- In 2011, Iran claimed to have used GPS spoofing to trick a Lockheed Martin RQ-170 'Sentinel' drone, operated by the CIA above Afghanistan, to land at an Iranian airfield. The capture helped Iran clone its own drone within a year.
- In 2016, Iran probably used GPS spoofing to lure two US Navy boats into Iranian territorial waters, where the Iranian Navy appeared to be ready and waiting for them.
- And in 2019, British intelligence warned merchant vessels in the Gulf that Iran might use GPS spoofing to lure them into Iranian waters, as a pretext to seizing them.
Circle spoofing came to light after July 2019 (3).That's when the American container ship MV Manukai, upon entering Shanghai harbor, experienced total failure of both its AIS transponder and its two GPS units. Just before all the alarms went off, its AIS display behaved in a very peculiar manner. It showed another ship approaching, disappearing, showing up docked, and then again moving towards the Manukai. All the while, a visual check confirmed, the other ship had been at dock.
A spoofing epidemic
When approaching the center of the disturbance, the AIS signature of the Chinese cargo ship Hua Hia Ji Hao (in yellow) jumps from the Huangpu River onto dry land. Red: positions of other vessels.
Credit: Courtesy of SkyTruth/Global Fishing Watch/Orbcomm/Spire
The crew of the Manukai reported the incident stateside, where analysts discovered an epidemic of spoofing attacks in Shanghai harbor which had started the previous summer and culminated on the day the Manukai was attacked, just one of around 300 vessels that were being 'spoofed' that day.
It's unclear who's doing the spoofing. Could it be the Chinese government testing out cyberweapons? Or perhaps criminals trying to confound the authorities? Illegal sand dredgers and oil smugglers are desperate to use any means to evade capture. The latter option would explain why one particular patrol boat operated by the Maritime Safety Authority, Shanghai's river police, was spoofed almost 400 times over a nine-month period.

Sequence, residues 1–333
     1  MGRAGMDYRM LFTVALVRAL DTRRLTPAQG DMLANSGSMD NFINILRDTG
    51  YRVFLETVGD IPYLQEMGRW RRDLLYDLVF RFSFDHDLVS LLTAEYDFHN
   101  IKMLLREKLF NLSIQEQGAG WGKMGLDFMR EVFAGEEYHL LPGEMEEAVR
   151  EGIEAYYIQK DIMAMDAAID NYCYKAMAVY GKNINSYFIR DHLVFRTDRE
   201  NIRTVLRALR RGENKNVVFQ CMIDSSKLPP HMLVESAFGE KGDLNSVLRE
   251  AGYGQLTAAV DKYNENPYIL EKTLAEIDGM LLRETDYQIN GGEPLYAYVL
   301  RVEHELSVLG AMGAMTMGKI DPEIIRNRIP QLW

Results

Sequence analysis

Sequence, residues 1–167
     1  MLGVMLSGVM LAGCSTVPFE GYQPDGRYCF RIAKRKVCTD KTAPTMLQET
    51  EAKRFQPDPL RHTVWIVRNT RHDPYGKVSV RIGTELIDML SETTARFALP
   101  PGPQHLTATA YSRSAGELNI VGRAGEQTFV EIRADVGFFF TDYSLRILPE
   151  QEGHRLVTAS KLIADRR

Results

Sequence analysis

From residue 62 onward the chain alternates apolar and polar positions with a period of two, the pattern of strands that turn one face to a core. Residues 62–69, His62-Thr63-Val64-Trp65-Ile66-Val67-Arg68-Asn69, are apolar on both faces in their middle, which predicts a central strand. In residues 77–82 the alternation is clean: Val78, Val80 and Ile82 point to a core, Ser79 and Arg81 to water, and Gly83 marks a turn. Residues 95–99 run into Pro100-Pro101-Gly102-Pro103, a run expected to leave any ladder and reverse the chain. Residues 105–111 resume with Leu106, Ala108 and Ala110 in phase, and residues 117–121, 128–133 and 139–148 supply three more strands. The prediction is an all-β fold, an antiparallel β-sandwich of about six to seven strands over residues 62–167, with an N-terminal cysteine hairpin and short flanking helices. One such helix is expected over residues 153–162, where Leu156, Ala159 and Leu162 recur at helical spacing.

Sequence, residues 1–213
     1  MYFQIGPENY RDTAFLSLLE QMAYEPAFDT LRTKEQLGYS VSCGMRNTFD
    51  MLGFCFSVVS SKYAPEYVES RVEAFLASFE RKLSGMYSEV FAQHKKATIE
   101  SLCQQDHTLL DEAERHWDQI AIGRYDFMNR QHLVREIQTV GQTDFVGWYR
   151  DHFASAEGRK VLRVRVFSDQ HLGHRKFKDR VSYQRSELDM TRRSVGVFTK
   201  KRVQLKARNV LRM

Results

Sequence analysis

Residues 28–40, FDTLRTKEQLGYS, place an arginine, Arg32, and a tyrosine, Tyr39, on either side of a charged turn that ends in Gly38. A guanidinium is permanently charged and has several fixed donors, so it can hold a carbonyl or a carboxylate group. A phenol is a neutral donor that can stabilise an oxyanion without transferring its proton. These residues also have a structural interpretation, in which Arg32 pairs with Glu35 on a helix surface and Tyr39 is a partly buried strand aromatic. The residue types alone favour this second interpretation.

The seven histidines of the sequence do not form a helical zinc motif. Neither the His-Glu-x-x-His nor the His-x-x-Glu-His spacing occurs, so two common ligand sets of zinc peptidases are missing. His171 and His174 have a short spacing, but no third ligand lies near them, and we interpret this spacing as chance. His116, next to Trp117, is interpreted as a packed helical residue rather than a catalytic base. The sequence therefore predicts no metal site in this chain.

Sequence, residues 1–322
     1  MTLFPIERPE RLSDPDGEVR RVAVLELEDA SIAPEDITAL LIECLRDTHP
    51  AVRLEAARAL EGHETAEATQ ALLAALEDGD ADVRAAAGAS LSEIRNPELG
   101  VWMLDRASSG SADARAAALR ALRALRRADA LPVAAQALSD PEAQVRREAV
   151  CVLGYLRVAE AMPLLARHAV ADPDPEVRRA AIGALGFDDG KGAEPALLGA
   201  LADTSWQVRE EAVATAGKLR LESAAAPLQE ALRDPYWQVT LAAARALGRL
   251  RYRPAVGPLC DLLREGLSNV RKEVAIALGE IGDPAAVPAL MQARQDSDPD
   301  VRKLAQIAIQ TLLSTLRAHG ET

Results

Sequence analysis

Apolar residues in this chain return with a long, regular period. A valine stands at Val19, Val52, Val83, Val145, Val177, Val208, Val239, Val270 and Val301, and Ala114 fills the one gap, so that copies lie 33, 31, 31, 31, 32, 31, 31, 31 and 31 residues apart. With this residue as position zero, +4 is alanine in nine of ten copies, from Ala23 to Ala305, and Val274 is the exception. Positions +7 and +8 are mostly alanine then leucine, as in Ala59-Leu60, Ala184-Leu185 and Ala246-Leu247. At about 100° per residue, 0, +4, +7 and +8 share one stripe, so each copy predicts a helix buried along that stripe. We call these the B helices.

But what was even more remarkable than the sheer volume of the spoofing was its cartographic shape: the ships jumped from one location to another in a circular movement, centered on the eastern bank of the Huangpu River.
Why? How? Those questions have yet to be answered satisfactorily, but C4ADS found an ingenious way to discount the possibility that the ships' AIS was somehow at fault. Analysts looked at anonymized location data provided by the Strava fitness app, used by a considerable number of Shanghai's 10 million cyclists.
The eye of the storm: a spoof circle about 200 meters in diameter. Most positions on the ring move at 31 knots, much faster than normal vessel speed, and appear to be going counterclockwise.
Credit: Courtesy of SkyTruth/Global Fishing Watch/Orbcomm/Spire
Turns out they too were apparently going in circles, when approaching the waterfront. This proved the spoofing attacks targeted all GPS devices, not just the ships' AIS transponders.
But that still did not resolve the mystery of the circular spoofs, which were quickly dubbed 'crop circles' – an allusion to the mysterious figures that regularly appear in the grain fields of southern England.
Do the positions at which the circles are centered offer any clue? One such circle is positioned exactly around the Sinopec Shanghai Petrochemical Company. Does that suggest state involvement cloaked as private enterprise, or rather a rogue 'commercial' venture? Or are the circles themselves clever misdirections, activated by devices stationed elsewhere?